The low sugar walnut candy was also made to meet the rising requests for reduced sweetness, but it’s been rather challenging to make them. “The process has been painstaking even since days of the past generation’s gatekeeper, we’ve had to experiment with many formulations of the recipe in achieving the right balance of sweetness whilst maintaining the soft chewy texture of the traditional candy.”
According to Edison, the preparation process has evolved from an ‘agak-agak’ recipe approach to consistent formulations. What may come as a surprise to many is the fact that the number of staffs back then and now have remained approximately the same. “A systematic and focused approach works well for us as we can ensure consistent output. Afterall, we pride ourselves in our traditional handmade pastries which we strive to upkeep to set ourselves apart from mass manufactured products.”
KEEPING A FAMILY LEGACY ALIVE
What is Edison’s favourite duty at Ching Han Guan?
“Baking. Being able to create every piece of pastry by hand using traditional recipes and methods from over 100 years ago whilst constantly innovating to satisfy modern taste. It feels like an art form where each piece is unique and no two pieces are truly identical,” he says with palpable pride.
The pandemic has also hit the bakery since it relies heavily on local tourists. “The pandemic as an unforeseen event has been challenging for us. However, as we strive to provide only the freshest and best quality to our customers, we’ve reorganised our production schedule to focus on making small batches frequently whilst balancing other operational factors and cost.”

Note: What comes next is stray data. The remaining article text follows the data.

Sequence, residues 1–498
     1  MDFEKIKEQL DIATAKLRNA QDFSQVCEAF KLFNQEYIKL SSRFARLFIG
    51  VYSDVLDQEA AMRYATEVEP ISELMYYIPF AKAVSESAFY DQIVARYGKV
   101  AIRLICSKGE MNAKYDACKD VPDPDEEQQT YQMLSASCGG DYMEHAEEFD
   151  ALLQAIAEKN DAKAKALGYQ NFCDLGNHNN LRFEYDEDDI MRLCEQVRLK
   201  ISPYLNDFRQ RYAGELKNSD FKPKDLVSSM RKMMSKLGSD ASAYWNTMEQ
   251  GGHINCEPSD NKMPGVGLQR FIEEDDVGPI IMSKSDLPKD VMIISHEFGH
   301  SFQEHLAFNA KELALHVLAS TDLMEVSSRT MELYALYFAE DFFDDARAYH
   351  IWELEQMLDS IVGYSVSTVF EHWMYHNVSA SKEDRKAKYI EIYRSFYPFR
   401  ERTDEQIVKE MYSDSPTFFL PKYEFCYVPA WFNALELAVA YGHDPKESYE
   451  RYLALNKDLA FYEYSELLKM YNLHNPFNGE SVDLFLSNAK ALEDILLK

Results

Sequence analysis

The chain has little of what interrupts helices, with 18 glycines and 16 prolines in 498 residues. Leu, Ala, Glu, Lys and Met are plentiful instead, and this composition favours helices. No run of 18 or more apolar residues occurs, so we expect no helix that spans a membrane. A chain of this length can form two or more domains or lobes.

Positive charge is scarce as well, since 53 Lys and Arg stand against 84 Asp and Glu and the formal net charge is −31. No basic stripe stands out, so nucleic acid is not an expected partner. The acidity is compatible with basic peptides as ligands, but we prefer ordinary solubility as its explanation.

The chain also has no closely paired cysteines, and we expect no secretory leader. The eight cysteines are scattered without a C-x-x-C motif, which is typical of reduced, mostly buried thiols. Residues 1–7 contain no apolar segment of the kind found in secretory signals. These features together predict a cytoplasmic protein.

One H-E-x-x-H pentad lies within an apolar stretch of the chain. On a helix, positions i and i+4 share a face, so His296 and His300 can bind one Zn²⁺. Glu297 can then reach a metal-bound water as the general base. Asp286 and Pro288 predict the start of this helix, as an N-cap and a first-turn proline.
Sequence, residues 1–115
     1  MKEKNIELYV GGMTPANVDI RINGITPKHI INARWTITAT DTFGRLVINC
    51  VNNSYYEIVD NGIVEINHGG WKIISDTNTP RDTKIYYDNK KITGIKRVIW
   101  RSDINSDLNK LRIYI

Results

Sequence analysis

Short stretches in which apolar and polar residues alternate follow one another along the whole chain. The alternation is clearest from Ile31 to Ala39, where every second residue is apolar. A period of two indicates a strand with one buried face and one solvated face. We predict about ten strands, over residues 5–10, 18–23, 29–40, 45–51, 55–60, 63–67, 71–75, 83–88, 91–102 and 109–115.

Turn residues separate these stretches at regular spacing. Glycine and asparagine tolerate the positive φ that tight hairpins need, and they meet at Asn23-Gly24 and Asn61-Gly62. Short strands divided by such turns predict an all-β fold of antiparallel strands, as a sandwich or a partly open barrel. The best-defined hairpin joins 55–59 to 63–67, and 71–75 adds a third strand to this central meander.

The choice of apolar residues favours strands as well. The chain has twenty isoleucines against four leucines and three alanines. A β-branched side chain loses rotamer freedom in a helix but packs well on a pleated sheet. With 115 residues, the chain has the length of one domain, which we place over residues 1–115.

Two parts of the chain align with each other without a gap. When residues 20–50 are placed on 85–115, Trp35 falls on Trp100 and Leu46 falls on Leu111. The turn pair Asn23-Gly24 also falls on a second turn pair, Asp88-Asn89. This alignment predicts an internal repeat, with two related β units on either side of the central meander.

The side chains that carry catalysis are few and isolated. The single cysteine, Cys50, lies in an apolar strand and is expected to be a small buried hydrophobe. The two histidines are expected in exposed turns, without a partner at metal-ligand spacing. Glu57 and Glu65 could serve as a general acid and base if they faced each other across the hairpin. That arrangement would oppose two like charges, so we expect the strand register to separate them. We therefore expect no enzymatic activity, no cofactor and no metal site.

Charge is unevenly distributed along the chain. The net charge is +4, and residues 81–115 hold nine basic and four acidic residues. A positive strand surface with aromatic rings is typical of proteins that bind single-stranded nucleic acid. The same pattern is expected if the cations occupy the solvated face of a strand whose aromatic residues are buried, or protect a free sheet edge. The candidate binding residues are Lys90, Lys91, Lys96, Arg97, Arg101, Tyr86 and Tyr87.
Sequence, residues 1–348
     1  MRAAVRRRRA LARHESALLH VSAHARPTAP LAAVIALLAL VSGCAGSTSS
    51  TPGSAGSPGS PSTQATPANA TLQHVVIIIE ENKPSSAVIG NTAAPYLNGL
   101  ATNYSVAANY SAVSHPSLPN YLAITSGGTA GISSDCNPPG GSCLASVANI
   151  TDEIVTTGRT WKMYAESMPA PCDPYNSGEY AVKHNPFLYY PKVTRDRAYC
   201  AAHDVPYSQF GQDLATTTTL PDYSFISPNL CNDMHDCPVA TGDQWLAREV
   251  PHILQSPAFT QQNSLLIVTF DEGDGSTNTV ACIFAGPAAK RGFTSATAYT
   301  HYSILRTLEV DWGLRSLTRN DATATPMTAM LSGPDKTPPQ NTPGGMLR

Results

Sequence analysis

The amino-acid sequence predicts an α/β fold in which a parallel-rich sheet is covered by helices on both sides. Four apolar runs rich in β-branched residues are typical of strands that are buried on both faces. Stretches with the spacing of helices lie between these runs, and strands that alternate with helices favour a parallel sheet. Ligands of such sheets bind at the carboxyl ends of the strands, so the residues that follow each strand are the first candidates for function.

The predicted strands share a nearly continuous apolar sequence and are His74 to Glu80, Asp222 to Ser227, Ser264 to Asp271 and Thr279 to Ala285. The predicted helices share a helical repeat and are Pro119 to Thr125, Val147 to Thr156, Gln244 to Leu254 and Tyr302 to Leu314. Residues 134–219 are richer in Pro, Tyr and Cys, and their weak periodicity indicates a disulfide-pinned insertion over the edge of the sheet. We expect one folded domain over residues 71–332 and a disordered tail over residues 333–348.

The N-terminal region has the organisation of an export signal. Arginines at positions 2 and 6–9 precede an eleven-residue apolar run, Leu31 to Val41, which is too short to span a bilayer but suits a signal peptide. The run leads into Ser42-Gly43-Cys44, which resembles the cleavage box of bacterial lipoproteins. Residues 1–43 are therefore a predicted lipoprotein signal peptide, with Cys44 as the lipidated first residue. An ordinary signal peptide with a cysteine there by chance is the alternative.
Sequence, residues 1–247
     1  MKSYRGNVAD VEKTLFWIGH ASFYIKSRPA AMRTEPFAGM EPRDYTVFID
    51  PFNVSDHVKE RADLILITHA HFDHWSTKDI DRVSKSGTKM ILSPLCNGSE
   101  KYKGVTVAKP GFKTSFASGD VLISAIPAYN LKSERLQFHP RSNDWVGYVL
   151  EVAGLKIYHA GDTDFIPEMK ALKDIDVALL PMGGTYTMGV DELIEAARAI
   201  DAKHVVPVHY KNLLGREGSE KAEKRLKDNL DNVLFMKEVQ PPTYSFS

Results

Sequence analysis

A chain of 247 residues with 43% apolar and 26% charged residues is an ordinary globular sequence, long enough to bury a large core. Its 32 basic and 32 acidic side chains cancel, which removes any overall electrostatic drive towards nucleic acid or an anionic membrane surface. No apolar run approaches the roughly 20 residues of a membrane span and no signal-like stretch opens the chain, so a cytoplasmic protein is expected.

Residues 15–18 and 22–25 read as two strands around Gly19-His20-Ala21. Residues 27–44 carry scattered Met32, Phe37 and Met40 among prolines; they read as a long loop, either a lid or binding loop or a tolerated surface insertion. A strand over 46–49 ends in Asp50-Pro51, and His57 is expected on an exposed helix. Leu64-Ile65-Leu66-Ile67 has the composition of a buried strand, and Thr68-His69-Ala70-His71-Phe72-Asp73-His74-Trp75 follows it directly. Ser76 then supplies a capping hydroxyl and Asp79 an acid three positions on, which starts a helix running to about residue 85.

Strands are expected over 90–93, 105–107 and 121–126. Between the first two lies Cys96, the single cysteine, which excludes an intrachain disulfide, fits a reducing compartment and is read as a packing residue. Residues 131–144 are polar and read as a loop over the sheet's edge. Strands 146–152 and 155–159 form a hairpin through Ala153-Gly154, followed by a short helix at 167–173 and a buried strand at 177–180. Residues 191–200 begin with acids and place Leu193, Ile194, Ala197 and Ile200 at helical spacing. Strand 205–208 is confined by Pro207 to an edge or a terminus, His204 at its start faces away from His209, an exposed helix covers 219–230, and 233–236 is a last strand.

There has been a significant uplift at its online store and it’s not uncommon to find most of the biscuits and candies unavailable. They do sell out like hotcakes. Ching Han Guan proves it is capable of moving along with the times, come what may.
A SPECIAL VISITOR
You’ve probably heard this before but it’s hard not to talk about Stephen Hawking every time there’s a mention of Ching Han Guan, Ipoh. The family has probably retold this story countless times, and we couldn’t resist asking Edison how this encounter happened and what it means to him.
“I get asked quite often when someone learns of the visit Stephen Hawking made to Ipoh in 1994. The visit was initially arranged as a personal trip, outside his official schedule to deliver a public lecture at PWTC as our aunt was his personal nurse and he wanted to visit her hometown and meet the family,” he recalls.
Somehow, the press caught wind about the visit and so did some locals. News spread fast in a small town like Ipoh. He can’t recall his exact age when Hawking came to visit, it could be Primary 5 or Form 1 but all he remembers was that amazing feeling meeting him in person. “I was so amazed to see the advanced wheelchair Hawking used, it was equipped with a special trackpad control and speech recognition. On hindsight, it could have been this very encounter that got me interested in computers and later led me to pursue a degree in Computing Science.”
Edison says it’s his dream for the brand to be synonymous to Ipoh. “A mere mention of Ipoh should immediately bring Ching Han Guan to one’s mind,” he concludes.
To see the full gamut of pastries by Ching Han Guan Biscuits, visit its website here.
Made in Malaysia is a series by Prestige Malaysia that showcases homegrown talents and establishments across various sectors. Through interviews, we strive to highlight the work put in by these individuals while supporting their craft.
(Photos: Edison Ching)